I find some refuge in a series of books I'm reading: combination of fiction (Devil's Dream by Madison Smart Bell at the moment), non-fiction (An Atheism That Is Not Humanist Emerges in French Thought by Stefanos Geroulanos, among others), and another trip through the Christian Scriptures (this time working with notes from a beautifully bound newly published 4th Edition Oxford Annotated Bible NRSV I received as compensation for reviewing a manuscript for Oxford earlier this year). Refuge because these are bounded material things with a clear beginning and ending which place no demand on me yet stimulate my imagination in a hundred directions.

I also find refuge in playing around a bit more than usual this summer. As a family we've take a few trips to Carowinds, our local roller-coaster & water park, and seen a few movies. I'll admit to sleeping in a bit more than usual and lingering in bookstores a bit more than normal. More fun is coming with a trip to New York City in August and a family visit down to Georgia before school starts.

As to Fall 2010, a few things coming around. September will feature a new conference of emerging church-type leaders in Durham, NC, called "Big Tent Christianity" (I'm going by memory here) that looks to be a very strong showing of several people central to the movement. For me, it's a two-hour drive to experience of being with some very friendly people who are working through some very interesting questions about what needs to be kept and what needs to be thrown out of contemporary Christianity, so the conversation ranges between theology, ethics, anthropology, and a whole lot of good eating. One thing I appreciate about this crowd is the value for conversation - long conversation, not easily wrapped up and quickly solved questions, and lots of "let's throw it on the wall and see if it sticks" kind of speculation.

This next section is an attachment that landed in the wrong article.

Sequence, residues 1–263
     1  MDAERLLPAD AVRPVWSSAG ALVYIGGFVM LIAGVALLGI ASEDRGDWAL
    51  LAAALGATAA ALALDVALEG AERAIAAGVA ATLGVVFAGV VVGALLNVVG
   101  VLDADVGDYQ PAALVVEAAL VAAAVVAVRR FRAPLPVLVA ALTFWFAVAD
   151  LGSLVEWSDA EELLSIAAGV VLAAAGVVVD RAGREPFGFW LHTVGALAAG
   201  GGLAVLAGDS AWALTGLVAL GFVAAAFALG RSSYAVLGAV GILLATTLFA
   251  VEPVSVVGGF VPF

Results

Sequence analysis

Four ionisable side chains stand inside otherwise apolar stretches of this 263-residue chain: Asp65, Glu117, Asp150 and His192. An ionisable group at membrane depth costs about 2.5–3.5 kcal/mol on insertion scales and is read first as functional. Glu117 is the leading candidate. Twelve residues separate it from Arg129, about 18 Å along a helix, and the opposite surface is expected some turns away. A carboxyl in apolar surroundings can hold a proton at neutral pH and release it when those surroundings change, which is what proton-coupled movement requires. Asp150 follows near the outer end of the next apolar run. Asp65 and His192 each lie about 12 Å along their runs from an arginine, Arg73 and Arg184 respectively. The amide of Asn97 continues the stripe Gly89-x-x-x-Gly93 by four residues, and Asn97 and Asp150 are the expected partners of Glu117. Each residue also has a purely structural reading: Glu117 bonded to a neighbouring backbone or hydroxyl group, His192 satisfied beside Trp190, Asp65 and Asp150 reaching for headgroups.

September also features the theological conversation regularly planned by Emergent Village. This year, the focus is on global theology and diversity, with scholars coming from an array of what sociologists call "social locations" to try to jar Western-shaped Christianity out of its blind spots. {CORRECTION: The Emergent Village dialogue is November 1-3!! see link for more info... h/t Steve Knight.}

In October I'll be speaking at the 20th anniversary conference for the Lilly Fellows Program in Humanities and the Arts at Valparaiso University, and I may try to sneak in time with current Lilly Fellows meeting a couple days before the conference so I can get a good "fix" among historians of American religion (I really envy the work of these historians), picking their brains on all the things I wish I had the time and expertise to study and paying attention to the sheer intelligence that will surely be in the room.

October will also be one of the best conferences of the year with the annual meetings of the Society for the Scientific Study of Religion. Loads of good things already slated for the program this year, with the meetings being in Baltimore, Maryland. Never been there, so hope to catch the best of what's available to experience while catching up with a few friends.

The American Academy of Religion meetings are in Atlanta this year. It's a bad time for me, with the SSSR meetings happening the exact same weekend, but I might make it for a day or two. {CORRECTION follow-up: With the Emergent Village Theological Conversation happening same place/same time, I may be able to pop back & forth...hmmm...}

And by that time, I hope to be moving to the home stretch of courses for the fall, especially my experimental course titled "Race, Religion, and Barack Obama" -- a new course that uses the life and presidency of Obama to highlight sociological issues on the interplay of race and religion in American society.